Skip to main content

Stalinism in Europe (HI31E)

A small selection of sources on the Soviet Union and Stalinism in Europe are shown below. Click on the thumbnail to read the documents (mostly pdfs), and click on the document references to read the catalogue entries for the sources. Many more documents on this subject are available at the Modern Records Centre (some additional suggestions are given in our guide to sources for history students).

Some of the larger files may take a few moments to open.

More than 600 primary sources on the relationship between Britain and Russia between 1917-1928 have been digitised and are available online. These include reports made by foreign visitors to the USSR (including the reports of the Trades Union Congress delegations of 1920 and 1924).

Interested in using primary sources in your work? - find out more about using archives.

 

Transforming Russia: the ‘Revolution from above’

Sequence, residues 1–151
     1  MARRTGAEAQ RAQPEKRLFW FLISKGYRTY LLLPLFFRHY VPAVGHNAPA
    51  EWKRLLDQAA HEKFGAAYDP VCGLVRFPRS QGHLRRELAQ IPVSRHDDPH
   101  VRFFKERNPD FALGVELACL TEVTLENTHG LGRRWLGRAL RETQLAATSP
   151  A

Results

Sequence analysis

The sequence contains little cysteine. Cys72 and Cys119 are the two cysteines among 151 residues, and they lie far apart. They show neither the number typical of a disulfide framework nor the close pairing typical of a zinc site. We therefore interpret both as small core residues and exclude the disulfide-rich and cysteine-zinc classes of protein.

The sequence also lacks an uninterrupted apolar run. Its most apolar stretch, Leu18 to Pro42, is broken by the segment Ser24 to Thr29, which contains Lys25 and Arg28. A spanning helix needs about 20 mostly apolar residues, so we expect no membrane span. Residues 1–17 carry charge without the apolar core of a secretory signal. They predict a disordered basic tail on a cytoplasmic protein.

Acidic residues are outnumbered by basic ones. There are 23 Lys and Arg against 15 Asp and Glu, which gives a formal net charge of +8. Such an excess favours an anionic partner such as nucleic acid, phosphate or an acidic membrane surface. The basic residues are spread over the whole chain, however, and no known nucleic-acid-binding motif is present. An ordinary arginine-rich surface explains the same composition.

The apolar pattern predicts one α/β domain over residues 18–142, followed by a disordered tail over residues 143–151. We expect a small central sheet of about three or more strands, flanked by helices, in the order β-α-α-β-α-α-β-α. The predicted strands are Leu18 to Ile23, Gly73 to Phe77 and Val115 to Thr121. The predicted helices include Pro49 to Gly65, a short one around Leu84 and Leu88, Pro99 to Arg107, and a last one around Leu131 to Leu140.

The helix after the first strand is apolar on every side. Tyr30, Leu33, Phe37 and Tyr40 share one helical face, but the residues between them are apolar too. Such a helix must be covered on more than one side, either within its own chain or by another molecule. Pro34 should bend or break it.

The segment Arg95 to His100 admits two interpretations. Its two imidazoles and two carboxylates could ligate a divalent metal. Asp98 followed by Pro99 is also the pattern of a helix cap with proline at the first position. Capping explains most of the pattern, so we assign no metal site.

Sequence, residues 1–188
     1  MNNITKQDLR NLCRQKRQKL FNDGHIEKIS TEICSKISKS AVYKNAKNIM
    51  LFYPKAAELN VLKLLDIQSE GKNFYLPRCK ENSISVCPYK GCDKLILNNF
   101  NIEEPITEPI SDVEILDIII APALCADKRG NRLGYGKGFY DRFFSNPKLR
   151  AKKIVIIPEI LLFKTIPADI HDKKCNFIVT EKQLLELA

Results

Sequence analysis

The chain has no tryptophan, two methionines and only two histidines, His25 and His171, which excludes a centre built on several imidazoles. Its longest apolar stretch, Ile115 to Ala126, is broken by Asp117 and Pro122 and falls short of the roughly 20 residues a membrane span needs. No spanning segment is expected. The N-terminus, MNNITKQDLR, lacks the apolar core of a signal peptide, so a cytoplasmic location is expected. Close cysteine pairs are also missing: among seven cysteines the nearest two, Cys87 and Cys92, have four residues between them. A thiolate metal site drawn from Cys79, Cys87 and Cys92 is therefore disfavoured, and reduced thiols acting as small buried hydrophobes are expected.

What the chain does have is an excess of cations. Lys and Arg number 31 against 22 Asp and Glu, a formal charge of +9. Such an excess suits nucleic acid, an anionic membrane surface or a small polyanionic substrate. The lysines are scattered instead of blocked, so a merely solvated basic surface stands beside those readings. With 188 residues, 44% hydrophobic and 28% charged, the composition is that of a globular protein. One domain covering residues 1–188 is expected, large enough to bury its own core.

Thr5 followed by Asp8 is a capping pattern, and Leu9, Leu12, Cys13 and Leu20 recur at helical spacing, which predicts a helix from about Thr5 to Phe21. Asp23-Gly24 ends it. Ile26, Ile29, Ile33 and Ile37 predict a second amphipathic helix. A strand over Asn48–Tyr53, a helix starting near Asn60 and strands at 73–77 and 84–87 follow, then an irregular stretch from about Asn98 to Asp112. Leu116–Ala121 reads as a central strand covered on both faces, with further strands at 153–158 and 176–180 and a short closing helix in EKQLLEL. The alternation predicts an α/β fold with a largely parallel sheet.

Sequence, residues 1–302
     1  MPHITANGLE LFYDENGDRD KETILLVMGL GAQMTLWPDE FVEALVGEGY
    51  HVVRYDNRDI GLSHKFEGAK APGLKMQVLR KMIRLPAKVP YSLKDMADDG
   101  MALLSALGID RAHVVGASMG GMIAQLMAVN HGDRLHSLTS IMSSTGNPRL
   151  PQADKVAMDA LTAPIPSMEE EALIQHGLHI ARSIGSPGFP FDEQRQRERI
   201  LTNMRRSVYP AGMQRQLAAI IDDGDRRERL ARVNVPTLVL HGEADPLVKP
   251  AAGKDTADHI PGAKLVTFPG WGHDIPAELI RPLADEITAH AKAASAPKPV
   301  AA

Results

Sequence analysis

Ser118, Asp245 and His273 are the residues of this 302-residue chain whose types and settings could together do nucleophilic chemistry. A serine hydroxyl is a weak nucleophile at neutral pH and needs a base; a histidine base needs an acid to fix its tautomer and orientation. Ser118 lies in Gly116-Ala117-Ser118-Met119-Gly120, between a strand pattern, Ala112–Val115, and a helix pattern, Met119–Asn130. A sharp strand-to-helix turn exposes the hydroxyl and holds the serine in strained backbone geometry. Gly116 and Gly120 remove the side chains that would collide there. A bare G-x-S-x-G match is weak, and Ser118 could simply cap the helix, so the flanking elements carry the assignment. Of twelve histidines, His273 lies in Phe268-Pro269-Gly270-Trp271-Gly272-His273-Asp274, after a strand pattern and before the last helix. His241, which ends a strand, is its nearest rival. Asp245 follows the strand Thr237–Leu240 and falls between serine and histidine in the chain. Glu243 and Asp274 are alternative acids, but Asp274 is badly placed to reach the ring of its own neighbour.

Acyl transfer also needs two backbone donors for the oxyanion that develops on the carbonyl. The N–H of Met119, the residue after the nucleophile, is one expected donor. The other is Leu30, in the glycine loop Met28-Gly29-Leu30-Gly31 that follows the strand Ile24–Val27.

Collective farming in the USSR

'Collective farming in the USSR', 1 September 1929

Article from 'The Communist International', the Comintern's journal. It outlines the ideology behind the introduction of collective farming, the "productive successes of collective farms", and measures taken against the 'kulaks' and their "stubborn...resistance".

[From the Maitland Sara Hallinan collection; document reference: MSS.15X/1/54/77]

The policy of the CPSU in the villages

'The policy of the CPSU in the villages', 1 May 1930

Article from 'The Communist International' on the Communist Party of the Soviet Union's work with the peasants. It includes sections on the 'lessons of the first year of the five year plan', 'the plan for the socialist reconstruction of the village in the second year of the five year plan', 'the liquidation of the kulaks as a class', 'the struggle for the organisation of collective production - the Spring sowing campaign', and 'political deviations from the general line and the measures taken against them'.

[From the Maitland Sara Hallinan collection; document reference: MSS.15X/1/54/92]

Answer to the collective farm comrades 

'Answer to the collective farm comrades', 1930

Front cover of a pamphlet (in Russian) by Stalin on the policy of collectivisation. His article had originally been published in Pravda.

[Included in the archives of Harry Wicks, Trotskyist; document reference: MSS.102/4/1/5]